Women, grade sensitivity, and major selection

Women May Be Underrepresented in STEM Because They’re Too Concerned With Grades: “Harvard economics professor Claudia Goldin wanted to know why only 29 percent of bachelor’s degrees in economics in the United States are awarded to women. So she started studying the academic records of students at one anonymous research institute and found that women who receive A’s in an introductory economics course were actually more likely than men with A’s to go on to choose economics as their major. But women who received poorer grades were much less likely to pursue the major than men were. Starting at the A-minus level, women jump ship to other majors, but men stick around. Men who receive B’s are just as likely as male A students to elect an econ major, but female A students are twice as likely as B students to major in econ. By the time you reach the C students, men are about four times as likely as women to major in the discipline.”

Read the rest here.

In a previous blog post, Leaving the Sciences (and maybe Philosophy too), on a New York Times piece, Why Science Majors Change Their Minds (It’s Just So Darn Hard) I wondered if that same phenomena was affecting philosophy enrollments. Both pieces cite the same piece of research by Ben Ost. Ost’s study, “The Role of Peers and Grades in Determining Major Persistence in the Sciences” is here. Ost’s abstract says, “In both the physical and life sciences, I find evidence that students are “pulled away” by their high grades in non-science courses and “pushed out” by their low grades in their major field. In the physical sciences, females are found to be more responsive to grades than males, consistent with psychological theories of stereotype vulnerability.”

I wrote in the old post, “I haven’t read through all of Ost’s paper yet but I did find myself wondering about Philosophy. Philosophers often boast about being tough graders and I think that we like that our grades are lower than other Humanities subjects. Does that grading culture cost us our female students? If so, what ought we to do about it?”

Anyone else familiar with this research? Anyone have views on whether it’s a factor in philosophy and our gender enrollment issues at the undergrad level?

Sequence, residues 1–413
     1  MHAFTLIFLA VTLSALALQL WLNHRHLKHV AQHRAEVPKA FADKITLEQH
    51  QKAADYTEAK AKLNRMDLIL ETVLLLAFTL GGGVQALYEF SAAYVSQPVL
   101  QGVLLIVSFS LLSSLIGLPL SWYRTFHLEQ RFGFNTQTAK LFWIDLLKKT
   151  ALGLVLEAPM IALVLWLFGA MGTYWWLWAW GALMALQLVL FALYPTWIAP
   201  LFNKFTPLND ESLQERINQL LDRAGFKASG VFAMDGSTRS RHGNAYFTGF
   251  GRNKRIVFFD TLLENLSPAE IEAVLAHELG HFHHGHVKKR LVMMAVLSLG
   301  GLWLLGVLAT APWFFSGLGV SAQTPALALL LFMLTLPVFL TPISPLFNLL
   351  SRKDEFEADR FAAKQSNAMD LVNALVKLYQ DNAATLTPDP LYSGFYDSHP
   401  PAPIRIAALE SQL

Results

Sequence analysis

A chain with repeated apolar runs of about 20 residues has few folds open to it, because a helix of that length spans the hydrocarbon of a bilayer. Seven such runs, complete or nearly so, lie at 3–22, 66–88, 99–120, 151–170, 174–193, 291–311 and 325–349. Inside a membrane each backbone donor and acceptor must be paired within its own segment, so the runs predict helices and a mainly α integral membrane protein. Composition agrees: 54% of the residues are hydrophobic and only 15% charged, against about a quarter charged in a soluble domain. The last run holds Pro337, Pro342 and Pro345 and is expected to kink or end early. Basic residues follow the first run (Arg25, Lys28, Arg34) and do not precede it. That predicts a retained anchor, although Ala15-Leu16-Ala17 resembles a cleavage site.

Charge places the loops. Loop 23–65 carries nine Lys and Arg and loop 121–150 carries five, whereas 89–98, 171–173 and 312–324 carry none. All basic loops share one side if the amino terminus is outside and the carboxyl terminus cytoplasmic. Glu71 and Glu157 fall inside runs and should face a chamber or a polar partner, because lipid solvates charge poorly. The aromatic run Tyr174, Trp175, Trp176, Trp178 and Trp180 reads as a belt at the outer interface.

Edinburgh Women in Philosophy Group annual Spring Workshop on Philosophical Methodologies

Announcement & Call for Postgraduate Respondents:

The Edinburgh Women in Philosophy Group is proud to announce its annual Spring Workshop on Philosophical Methodologies on Friday the 16th of May 2014 at the University of Edinburgh.

We have decided to address the issue of philosophical methodology, following the success of previous EWPG Spring workshops, which have respectively focused on the under-representation of women in philosophy, the ethics and aesthetics of pornography, and implicit bias.

This issue of philosophical methodology has become a lively discussion point in philosophy departments and blogs due to the question of whether the nature of philosophical discourse is exclusionary either in the way philosophy is written or in the way it is done in more public events, such as conferences, seminars and workshops, not to mention in educational settings.

We hope this event will contribute to helping raise awareness about philosophical methodology and how it relates to both philosophical feminism and improving the situation of women in philosophy departments.

Confirmed speakers are:
Catarina Dutilh Novaes (Groningen)
Amia Srinivasan (Oxford)
Nancy Bauer (Tufts)
Eric Schliesser (Ghent)

For more information and for registration, see the following page:


We have a limited amount of Analysis Trust bursaries to cover postgraduate participation and accommodation, and we invite postgraduate students to submit expressions of interest to respond to the speakers’ talks. If you would like to be considered for a travel bursary, please submit a short statement (max. 300 words) detailing your motivation to do so to the following address: ewpgspringworkshop@gmail.com. The deadline for submissions is the 15th of April.

We would like to acknowledge the generosity of the workshop’s sponsors: the Analysis Trust, the Scots Philosophical Association, the Society for Women in Philosophy – UK, and the School of Philosophy, Psychology and Language Sciences, University of Edinburgh.